Customer Loyalty! That holy grail of brand managers!
A loyal customer is a gift that keeps on giving. The cost of retaining existing customers is just a fraction of that of acquiring new ones. This is so well-known that it is now considered axiomatic. More importantly, a loyal customer generates consistent and high revenues at a low engagement cost, and thus, is of immense lifetime value to the company. In addition, loyal customers often take on an evangelical role for the company and endorse the brand and its products and services to others, often at no cost to the company.
Customer Loyalty is a set of programs designed to encourage loyal customer behavior. In particular, Loyalty Management focuses on promoting repeat purchases by the same customer, whether of the same product, or of allied products and services, or even of other products offered by the company. In practice, Loyalty Management involves the design and implementation of processes – both, internal to the business, and where the business interfaces with customers - that enable loyal customer behavior. Lately, rewarding customers for a desirable non-purchase activity such as signing up for newsletters, endorsing the brand on social media, attending brand events, etc. have also been brought under loyalty management’s purview.
Satisfaction is a rating. Loyalty is a brand.
Loyalty Management execution usually involves crediting buying customers with “points” or coupons that can be accumulated in some limited fashion to be exchanged for further purchases, or cash credits against further purchases, or, in some cases, providing opportunities for aspirational experiences. A typical loyalty program is likely to be one or more combinations of these, arranged as tiered rewards programs with the higher tiers reserved for the more valuable customers.
Types of Loyalty Programs
Points Based Loyalty Program
The points based systems are based on the paradigm that for the money that you spend you earn reward points and the points can be accumulated over a period of time. Businesses allow redemption of points against either cash back or purchase of goods or some kind of merchandise purchase. This type of reward system is popular with retail, grocery, credit card companies. In the airline industry, reward points or miles can be exchanged for seat upgrade. Some businesses offer redemption points for donation and charity purposes.
Tiered Loyalty Program
In this system, the reward program is based on levels of loyalty. The more customers spend or more frequently they spend, the higher the levels of reward. The benefits, offers and discounts vary depending on the loyalty level. This type of reward program is popular with fashion, beauty, airline, hotel and credit card companies. The benefits here can include free upgrades, privileged checkin and lounge access facilities for airline customers. VIP passes in entertainment programs, early preview in case of the fashion industry are some of the ways benefits are offered. In case of B2B customers it could be higher discounts, upgrade in service options, extended warranty, to name a few.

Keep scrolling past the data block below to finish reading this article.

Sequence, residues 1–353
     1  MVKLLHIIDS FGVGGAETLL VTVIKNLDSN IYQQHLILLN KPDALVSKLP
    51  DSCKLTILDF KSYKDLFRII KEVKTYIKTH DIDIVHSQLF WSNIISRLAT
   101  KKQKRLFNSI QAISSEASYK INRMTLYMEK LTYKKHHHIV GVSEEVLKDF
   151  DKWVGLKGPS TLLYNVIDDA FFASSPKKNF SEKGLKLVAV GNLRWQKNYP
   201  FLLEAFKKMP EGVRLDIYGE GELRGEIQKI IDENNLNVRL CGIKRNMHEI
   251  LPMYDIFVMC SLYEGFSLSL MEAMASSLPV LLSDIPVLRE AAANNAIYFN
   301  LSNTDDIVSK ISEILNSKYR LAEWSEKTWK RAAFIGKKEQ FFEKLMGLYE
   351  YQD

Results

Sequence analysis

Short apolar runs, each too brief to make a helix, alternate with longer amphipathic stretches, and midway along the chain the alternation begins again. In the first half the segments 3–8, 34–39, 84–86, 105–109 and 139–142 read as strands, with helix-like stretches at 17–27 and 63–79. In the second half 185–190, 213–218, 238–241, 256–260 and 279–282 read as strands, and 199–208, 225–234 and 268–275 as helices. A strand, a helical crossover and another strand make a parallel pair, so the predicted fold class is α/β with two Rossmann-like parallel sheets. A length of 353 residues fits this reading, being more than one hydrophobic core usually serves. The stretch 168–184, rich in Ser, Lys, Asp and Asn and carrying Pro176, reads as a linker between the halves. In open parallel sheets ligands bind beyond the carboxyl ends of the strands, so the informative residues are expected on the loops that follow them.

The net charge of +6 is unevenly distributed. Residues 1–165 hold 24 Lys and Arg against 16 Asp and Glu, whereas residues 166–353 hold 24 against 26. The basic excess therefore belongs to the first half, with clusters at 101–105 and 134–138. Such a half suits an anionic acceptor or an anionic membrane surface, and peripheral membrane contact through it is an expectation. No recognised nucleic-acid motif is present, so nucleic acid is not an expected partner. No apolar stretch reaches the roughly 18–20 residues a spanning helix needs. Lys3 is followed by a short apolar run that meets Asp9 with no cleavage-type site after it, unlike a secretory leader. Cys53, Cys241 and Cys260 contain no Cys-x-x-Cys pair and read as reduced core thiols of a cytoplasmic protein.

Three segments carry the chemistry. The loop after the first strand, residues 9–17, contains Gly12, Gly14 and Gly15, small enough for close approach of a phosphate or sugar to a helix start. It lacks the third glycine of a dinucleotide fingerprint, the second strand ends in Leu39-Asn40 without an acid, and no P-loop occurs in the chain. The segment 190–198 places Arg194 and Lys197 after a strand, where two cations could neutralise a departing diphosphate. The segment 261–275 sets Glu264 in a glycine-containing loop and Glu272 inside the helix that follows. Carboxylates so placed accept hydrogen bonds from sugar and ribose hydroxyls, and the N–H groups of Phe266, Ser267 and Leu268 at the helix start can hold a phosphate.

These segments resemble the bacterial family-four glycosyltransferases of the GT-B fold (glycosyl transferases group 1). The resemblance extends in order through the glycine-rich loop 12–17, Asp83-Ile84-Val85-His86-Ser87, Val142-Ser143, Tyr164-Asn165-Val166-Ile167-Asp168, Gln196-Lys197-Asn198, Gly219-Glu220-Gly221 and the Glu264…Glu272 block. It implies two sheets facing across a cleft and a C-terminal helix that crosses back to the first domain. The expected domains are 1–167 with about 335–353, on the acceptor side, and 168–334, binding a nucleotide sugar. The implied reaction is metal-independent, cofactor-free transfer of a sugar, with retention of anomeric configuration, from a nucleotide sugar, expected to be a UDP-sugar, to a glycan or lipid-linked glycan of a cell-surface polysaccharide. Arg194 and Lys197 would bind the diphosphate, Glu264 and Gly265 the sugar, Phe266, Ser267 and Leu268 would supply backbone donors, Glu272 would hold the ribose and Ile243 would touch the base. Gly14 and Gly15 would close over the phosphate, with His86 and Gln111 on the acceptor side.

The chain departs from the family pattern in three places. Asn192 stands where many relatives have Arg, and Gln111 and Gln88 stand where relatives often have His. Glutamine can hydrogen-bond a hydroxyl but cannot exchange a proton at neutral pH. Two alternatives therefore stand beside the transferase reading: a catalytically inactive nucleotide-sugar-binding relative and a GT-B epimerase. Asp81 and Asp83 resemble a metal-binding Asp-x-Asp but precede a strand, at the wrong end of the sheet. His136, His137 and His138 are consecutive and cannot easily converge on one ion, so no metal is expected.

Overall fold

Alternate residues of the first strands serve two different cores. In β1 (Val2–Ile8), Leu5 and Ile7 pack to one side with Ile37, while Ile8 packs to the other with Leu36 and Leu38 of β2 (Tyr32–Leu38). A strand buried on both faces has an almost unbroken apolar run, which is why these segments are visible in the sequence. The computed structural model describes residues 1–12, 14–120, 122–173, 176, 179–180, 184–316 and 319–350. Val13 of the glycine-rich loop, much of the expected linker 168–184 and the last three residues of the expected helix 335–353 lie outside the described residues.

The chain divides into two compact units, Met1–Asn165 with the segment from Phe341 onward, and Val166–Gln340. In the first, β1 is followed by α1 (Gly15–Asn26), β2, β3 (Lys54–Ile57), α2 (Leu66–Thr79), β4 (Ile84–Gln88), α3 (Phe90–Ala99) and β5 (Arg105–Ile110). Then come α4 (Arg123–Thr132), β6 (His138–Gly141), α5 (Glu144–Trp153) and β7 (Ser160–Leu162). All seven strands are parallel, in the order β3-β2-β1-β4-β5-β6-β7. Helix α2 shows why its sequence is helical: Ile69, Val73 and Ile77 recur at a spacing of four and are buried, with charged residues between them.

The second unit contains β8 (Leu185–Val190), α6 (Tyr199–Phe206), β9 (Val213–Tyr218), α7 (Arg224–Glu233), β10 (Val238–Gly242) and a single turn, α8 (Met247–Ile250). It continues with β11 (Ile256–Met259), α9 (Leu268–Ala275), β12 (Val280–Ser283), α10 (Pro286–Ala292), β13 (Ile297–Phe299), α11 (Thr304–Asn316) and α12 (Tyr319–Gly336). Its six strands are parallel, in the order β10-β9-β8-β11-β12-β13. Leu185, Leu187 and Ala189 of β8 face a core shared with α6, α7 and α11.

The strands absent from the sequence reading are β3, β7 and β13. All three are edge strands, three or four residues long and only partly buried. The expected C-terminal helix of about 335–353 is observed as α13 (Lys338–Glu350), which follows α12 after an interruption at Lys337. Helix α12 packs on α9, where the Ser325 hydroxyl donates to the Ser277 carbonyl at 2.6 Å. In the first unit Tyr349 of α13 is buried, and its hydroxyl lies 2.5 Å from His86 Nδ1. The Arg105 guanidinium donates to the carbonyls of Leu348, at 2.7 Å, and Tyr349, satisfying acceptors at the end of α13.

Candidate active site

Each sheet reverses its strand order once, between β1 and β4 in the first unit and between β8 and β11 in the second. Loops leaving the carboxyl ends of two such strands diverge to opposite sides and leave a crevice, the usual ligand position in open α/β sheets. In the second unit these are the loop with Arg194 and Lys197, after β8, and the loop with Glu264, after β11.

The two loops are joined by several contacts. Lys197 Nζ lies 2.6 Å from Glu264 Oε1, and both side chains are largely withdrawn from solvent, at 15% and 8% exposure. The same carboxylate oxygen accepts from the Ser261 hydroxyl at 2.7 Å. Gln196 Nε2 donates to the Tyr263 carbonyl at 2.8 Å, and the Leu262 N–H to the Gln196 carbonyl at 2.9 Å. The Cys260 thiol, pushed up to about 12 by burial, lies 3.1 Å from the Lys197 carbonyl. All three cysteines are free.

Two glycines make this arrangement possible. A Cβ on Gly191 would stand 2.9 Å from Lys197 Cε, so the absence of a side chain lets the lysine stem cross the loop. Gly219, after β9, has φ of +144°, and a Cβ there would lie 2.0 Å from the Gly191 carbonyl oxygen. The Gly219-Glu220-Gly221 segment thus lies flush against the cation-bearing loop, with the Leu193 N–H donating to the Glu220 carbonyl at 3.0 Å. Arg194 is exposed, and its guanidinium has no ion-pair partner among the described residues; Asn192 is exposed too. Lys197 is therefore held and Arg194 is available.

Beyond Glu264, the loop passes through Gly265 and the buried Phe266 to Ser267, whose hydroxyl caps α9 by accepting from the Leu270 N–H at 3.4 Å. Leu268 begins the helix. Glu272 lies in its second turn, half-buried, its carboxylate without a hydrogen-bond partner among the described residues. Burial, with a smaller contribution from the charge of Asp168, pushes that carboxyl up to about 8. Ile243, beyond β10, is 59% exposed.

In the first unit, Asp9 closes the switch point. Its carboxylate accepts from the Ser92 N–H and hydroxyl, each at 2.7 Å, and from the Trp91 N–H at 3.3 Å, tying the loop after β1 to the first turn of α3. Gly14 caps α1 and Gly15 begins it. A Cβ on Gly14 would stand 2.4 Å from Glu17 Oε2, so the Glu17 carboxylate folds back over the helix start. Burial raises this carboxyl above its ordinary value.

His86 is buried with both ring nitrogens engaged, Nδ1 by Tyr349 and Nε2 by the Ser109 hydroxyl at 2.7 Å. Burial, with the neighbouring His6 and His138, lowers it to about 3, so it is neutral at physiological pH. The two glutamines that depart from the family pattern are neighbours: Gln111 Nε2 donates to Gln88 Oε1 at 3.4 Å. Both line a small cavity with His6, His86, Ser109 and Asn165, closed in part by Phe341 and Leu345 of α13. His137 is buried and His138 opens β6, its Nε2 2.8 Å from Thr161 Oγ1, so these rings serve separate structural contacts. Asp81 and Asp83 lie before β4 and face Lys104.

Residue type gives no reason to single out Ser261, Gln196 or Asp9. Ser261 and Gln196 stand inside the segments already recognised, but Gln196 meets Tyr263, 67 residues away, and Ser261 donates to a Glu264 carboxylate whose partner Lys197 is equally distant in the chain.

Paid Loyalty Program
In this type of loyalty program, customers pay a nominal fee upfront to be an exclusive member and such members get recurring discounts on the goods and services or VIP benefits like free and/or priority shipping, early privileged preview before major sales. This is common with retail, grocery, beauty and salon services, food delivery apps. Amazon Prime is a good example of such a loyalty program.
Referral vs Loyalty vs Customer Advocacy
Both referral and loyalty programs focus on customer centric marketing. Both the programs focus on rewarding consumer behavior that is beneficial to business. However, there are important differences in the approach.
Referral programs focus on encouraging existing customers to bring in new customers. Referral programs help in acquiring new customers at low cost. Loyalty programs encourage consumer behavior to make more frequent purchases, increase the share of wallet and focus on customer retention and stickiness. Loyalty programs are ideal for businesses where there is high level of competition, low margins, high degree of customer flight. The value of rewards in referral is much higher compared loyalty rewards.
Customer advocacy programs focus on using a small set of loyal and passionate customers to act as brand ambassadors to advocate the product to a relatively large group of people typically using social channels. This is facilitated by action such as testimonials, reviews, sharing content and social posts. Referral programs reward customers to advocate the product or service to a select group of people that typically includes people in their personal and professional network. This is done through personalized 1-1 connection. The scale of advocacy marketing is much larger using a few sets of customers whereas referral programs try to get a larger number of customers to advocate for their brand which results in fewer leads per customer.